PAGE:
Posts Tagged ‘Joanna Riding’

Review – The Girls, Phoenix Theatre

Wednesday 17 May 2017

Saggy, baggy, in need of trimming and tightening up and decidedly over-exposed.

No we’re not talking about the women d’ un certain age disrobing on stage. As if we would be so unkind. We’re talking about the show.

Having been underwhelmed by Tim Firth‘s Calendar Girls both on film (2003) and even more so on stage (2008), Phil had given his latest musical version, rebranded (rather clumsily) as The Girls, a very wide berth indeed.

Then out trotted the five-star reviews from newspapers (about 8 of them) which suggested he was missing something. In fact one threw down the bold gauntlet of promise that it would make him “cry with laughter”. Read the rest of this entry »

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Review – Stephen Ward, Aldwych Theatre

Tuesday 17 December 2013

00713940 - 250x346When Phil asked Andrew if he fancied trailing along with him to the new “PG advised” Andrew Lloyd Webber musical “play with songs”, Stephen Ward, he replied, “I hope I’m not too Stephen”.

Phil, unusually, understood Andrew instantly. New cockney rhyming slang for ennui. It will no doubt form a regular part of our lexicon.

Hard to believe it’s getting on for 4 years since the Whingers visited the composer’s last show and inadvertently caused something akin to a minor rumpus.

But this in not the behemoth of Love Never Dies. This take on the Profumo Affair – following Stephen Ward’s part in the scandal and the common consent that the establishment used him a scapegoat – is a decidedly small scale offering by comparison. Read the rest of this entry »

Review – Lend Me A Tenor – The Musical, Gielgud Theatre

Monday 13 June 2011

Cast your minds back. Did we not suffer last year when we visited Ken Ludwig‘s original play on which Lend Me A Tenor – The Musical is based? The Whingers are nothing if not slow learners.

But in our defence it was simply too intriguing:  what could the addition of songs contribute – apart from making it longer and even more draining? Can one really make a musical out of a farce? Wouldn’t those ditties slow down and undermine the whole door-slamming raison d’être of the genre?

And coming hot on the heels of the early demises of Hair and the lamented (by us, and almost us alone) loss of The Umbrellas of Cherbourg another failure could the Gielgud Theatre be seeking to snatch the Shaftesbury (Home of the Flops until Hairspray came along) Theatre’s crown?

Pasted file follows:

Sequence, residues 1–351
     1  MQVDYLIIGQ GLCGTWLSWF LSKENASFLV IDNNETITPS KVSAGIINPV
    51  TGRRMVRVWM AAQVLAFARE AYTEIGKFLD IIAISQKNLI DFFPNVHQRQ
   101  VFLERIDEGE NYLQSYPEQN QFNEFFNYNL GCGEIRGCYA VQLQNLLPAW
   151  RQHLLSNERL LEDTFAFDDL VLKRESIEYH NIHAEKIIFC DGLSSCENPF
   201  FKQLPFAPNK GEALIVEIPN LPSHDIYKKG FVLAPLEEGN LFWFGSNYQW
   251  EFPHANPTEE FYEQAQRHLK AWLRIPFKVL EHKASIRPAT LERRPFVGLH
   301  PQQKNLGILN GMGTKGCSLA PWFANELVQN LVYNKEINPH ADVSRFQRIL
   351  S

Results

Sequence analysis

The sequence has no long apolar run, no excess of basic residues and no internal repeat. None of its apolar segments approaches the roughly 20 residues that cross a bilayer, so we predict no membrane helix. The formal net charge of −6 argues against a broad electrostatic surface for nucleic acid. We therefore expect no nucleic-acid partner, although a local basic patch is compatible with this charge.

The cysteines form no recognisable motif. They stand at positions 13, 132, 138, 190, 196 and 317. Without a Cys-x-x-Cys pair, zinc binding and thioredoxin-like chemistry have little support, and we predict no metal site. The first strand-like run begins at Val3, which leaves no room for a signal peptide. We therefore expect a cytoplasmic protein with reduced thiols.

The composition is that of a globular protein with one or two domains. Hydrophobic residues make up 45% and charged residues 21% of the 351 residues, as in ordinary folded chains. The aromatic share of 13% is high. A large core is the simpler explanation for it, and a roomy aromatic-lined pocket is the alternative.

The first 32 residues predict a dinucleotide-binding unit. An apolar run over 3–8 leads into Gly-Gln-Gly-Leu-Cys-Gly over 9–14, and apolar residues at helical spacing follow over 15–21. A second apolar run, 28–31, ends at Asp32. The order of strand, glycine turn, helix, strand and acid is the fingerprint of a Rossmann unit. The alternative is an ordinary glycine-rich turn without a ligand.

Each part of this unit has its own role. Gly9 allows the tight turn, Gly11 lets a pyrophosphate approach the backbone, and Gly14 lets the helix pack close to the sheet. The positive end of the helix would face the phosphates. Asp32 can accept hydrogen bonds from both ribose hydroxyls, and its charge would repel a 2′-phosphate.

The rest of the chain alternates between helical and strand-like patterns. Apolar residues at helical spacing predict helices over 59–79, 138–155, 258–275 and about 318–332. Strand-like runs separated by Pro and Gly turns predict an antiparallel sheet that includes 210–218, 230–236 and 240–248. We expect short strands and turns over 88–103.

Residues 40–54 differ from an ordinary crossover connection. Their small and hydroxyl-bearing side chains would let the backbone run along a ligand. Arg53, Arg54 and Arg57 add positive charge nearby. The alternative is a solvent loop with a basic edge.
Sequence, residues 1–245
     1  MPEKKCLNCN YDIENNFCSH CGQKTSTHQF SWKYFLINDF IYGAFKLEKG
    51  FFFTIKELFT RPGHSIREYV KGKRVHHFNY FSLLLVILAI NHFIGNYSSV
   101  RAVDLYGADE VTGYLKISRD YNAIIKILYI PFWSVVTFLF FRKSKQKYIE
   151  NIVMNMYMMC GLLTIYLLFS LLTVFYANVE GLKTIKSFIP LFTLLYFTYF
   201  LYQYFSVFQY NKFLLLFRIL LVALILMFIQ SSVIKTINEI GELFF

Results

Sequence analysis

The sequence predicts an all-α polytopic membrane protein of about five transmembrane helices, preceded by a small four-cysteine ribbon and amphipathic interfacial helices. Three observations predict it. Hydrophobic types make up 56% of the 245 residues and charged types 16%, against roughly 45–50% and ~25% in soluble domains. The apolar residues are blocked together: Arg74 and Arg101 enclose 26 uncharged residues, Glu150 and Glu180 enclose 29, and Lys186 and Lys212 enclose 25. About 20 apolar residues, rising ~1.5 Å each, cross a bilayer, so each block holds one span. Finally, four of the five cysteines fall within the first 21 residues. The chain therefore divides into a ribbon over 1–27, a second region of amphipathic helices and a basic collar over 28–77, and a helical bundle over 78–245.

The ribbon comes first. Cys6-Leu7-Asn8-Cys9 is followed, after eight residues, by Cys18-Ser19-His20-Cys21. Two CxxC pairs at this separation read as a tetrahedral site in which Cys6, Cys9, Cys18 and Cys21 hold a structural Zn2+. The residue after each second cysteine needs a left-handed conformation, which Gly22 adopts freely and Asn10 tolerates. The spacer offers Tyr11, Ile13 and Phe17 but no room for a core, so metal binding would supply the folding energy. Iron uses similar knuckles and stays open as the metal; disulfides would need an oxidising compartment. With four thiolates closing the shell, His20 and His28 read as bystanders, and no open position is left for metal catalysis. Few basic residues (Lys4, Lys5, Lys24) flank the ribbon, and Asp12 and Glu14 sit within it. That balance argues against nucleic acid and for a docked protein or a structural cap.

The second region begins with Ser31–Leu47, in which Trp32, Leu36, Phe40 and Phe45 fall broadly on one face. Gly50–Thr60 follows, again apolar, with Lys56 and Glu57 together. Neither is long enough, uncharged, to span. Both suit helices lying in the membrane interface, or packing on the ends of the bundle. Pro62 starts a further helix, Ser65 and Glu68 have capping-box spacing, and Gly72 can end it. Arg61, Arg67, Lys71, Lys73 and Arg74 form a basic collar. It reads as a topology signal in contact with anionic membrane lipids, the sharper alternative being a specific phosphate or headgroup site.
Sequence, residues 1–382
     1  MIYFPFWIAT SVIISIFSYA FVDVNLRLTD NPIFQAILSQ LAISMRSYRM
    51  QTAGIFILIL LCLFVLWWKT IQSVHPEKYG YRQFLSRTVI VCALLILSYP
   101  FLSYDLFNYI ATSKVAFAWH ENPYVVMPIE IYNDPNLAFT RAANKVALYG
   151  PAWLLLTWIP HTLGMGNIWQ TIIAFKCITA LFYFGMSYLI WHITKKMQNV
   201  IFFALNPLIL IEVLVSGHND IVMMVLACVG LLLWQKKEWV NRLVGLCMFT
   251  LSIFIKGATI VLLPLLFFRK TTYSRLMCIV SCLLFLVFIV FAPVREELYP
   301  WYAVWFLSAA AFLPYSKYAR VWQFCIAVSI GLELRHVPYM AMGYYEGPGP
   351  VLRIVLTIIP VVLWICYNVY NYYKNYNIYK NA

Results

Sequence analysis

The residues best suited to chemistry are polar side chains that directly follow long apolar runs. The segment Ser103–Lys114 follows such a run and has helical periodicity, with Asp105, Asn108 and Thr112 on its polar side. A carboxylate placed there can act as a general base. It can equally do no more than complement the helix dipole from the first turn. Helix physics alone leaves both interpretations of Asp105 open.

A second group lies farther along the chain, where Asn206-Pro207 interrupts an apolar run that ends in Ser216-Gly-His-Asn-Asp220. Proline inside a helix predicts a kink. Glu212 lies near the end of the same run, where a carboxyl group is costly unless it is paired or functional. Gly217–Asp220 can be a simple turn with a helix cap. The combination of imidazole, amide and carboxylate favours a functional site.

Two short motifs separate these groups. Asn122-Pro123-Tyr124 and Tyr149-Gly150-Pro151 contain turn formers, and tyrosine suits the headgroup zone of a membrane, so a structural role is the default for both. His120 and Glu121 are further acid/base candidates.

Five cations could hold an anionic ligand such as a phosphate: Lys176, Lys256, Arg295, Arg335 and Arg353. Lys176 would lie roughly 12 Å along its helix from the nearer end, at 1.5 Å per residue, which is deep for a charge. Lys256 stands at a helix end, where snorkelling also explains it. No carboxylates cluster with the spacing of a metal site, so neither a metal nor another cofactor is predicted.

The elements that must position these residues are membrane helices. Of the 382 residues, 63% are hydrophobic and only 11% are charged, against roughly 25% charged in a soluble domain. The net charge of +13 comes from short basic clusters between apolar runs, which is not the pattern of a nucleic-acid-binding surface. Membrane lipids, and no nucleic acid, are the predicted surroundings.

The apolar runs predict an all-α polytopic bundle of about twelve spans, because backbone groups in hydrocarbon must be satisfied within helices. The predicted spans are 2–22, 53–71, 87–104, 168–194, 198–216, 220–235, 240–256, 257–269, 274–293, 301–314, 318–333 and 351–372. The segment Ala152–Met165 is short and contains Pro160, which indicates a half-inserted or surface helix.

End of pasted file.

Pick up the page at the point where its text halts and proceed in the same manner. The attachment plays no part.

But the Gods of Optimism had been working overtime, casting two Whinger’s favourite folk: Matthew Kelly and Joanna Riding (Ms Riding presumably was presumably not even required to move out of the dressing room she occupied when appearing in Umbrellas) and the trap sprang shut.

Would hilarity ensue when the world’s greatest tenor Tito Merelli (Michael Matus) came to 1934’s Cleveland to save the ailing Grand Opera Company by giving his Otello,  suddenly becoming  indisposed requiring the director’s geeky assistant Max (Damian Humbley) to step in? Or would it be about as much fun as the Go Compare ads? Read the rest of this entry »

Review – The Umbrellas of Cherbourg, Gielgud Theatre

Tuesday 15 March 2011

For reasons quite unfathomable to Andrew, Phil is rather proud of the fact that he’s un peu francais.

Despite having a soupçon of French in him (on his father’s side) he displays no natural propensity for that tongue or any other come to that (indeed he frequently grapples with la langue maternelle).

Yes even he, with his Huguenot heritage, finds a little French schtick goes an awful long way.

A couple of excerpts from The Umbrellas of Cherbourg performed at the What’s On Stage Awards were enough to persuade the Whingers to give the Gielgud Theatre une très large couchette indeed. It just looked as if it might be too flippin’ French. Or, less insensitively, too flippin’ faux French – like being forced into a beret and tricolour culottes for a meal of horse meat in snail sauce while watching a Jerry Lewis movie.

And to be honest, it looked a bit, well, merde. And then we read this.

So unlike Baz Bamigboye (who according to the adverts is “dying to see it”) the Whingers had found themselves bearing a certain froideur vis-à-vis The Umbrellas of Cherbourg.

But tickets presented themselves and never being ones to look un cadeau cheval dans la bouche we thought, “Qui ne risque rien n’a rien”… Read the rest of this entry »